Several questions remain to be answered. For example, the mechanisms underlying the accumulation of NK cells associated with dormant tumour cells and the triggering of IFN-γ production in these circumstances remain to be fully determined. It is not completely clear how CXCL12 that is secreted by activated hepatic stellate cells hinders the function of NK cells. Furthermore, determining whether the CXCL12–CXRC4 axis awakens dormant tumour cells in humans is of utmost importance, and, if so, in which types of cancer.
Finally, the similarities between NK cells and another sort of immune cell called type 1 innate lymphoid cells (ILC1) should prompt further investigation of the role of ILC1 in controlling metastasis3. Indeed, these cells have a complex role in tumour responses11,12. Correia et al. excluded ILC1 as having a role in controlling metastases, because they observed no notable changes in the level of these cells when comparing tumour dormancy and metastases in the liver. However, the lack of a specific ILC1-deficient mouse model means that it is not possible to precisely dissect the respective roles of NK cells and ILC1 in the control of metastasis, leaving a key question unresolved.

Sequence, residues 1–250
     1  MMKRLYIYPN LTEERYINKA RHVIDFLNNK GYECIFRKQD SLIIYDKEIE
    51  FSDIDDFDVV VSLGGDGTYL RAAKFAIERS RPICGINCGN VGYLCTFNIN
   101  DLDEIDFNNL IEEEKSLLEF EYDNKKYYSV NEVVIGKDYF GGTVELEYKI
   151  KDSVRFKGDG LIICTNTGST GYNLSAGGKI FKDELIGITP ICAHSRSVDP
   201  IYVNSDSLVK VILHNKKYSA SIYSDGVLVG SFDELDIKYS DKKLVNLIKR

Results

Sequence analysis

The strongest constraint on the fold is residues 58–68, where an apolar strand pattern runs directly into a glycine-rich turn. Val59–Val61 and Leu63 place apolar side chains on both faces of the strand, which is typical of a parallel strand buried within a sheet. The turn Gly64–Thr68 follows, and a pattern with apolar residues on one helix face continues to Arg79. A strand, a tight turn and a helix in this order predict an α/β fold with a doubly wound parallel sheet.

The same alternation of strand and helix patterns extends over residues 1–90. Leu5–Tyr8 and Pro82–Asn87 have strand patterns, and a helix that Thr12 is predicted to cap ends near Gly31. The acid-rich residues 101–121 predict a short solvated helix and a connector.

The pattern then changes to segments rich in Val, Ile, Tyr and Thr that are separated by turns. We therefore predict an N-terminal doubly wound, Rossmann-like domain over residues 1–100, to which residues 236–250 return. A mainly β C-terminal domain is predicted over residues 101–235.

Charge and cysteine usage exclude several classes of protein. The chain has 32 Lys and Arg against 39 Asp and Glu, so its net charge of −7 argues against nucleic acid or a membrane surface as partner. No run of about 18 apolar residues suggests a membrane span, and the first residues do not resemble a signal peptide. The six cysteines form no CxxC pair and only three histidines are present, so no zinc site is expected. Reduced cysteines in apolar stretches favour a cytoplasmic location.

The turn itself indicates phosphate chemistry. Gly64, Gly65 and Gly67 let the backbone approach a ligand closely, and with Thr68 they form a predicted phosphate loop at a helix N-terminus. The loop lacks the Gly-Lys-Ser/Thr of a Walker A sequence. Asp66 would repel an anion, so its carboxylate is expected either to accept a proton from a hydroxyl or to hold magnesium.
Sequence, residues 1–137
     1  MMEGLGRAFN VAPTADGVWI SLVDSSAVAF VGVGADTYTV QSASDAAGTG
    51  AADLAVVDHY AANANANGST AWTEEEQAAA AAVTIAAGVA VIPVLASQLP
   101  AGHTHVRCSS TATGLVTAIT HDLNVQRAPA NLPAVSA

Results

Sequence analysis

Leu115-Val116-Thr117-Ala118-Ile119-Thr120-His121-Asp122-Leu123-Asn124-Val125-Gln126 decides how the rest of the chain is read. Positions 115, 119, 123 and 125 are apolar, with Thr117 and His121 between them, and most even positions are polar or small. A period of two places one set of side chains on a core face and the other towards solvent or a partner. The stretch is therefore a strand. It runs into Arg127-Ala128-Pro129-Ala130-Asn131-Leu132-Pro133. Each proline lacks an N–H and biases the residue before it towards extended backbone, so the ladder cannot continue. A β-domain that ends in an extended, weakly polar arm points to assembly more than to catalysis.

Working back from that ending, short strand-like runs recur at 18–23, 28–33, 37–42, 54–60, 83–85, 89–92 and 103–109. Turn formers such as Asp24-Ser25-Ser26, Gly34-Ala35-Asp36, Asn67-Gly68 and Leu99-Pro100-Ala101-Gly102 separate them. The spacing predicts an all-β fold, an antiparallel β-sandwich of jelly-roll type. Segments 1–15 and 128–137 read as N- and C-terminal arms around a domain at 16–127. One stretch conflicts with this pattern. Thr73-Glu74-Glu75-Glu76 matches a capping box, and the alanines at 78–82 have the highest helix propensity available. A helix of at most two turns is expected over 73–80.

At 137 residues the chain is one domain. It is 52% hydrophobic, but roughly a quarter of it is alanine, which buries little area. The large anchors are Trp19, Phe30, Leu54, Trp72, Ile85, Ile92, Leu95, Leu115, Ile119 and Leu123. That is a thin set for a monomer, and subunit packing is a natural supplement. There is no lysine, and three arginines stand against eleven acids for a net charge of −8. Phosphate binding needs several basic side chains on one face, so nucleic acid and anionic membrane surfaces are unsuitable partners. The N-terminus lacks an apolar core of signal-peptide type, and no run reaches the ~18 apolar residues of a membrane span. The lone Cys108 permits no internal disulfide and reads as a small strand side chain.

By showing that the IFN-γ-driven effects of NK cells maintain breast cancer cells in a dormant state, Correia and colleagues have revealed that NK cells have other and previously unsuspected anticancer capacities. This finding paves the way for the development of cancer treatment strategies that prevent dormant reservoirs of tumour cells from awakening. For instance, molecules that strongly stimulate the IL-15 pathway in NK cells are already available. These IL-15 superagonists, such as ALT-803 or NKTR-255, are being tested in clinical trials3,5, and the rationale for their use should now also take into account the role of NK cells in controlling dormant tumour cells.
Furthermore, drugs that inhibit CXCR4 are being developed. It would be interesting to determine whether these inhibitors could help to sustain the activity of NK cells in maintaining tumour dormancy. In addition, engineered antibodies called NK cell engagers, which can stimulate NK cells and form a bridge that connects them to tumour cells, offers another way to promote the function of NK cells13. Current clinical trials are also testing various approaches to manipulate NK cells for therapeutic benefit3–5. Besides the well-characterized effects of NK cells in tumour immunity, Correia and colleagues’ work further highlights the possible advantages of harnessing NK cells to target cancers.
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E.V. is a shareholder and employee of Innate Pharma.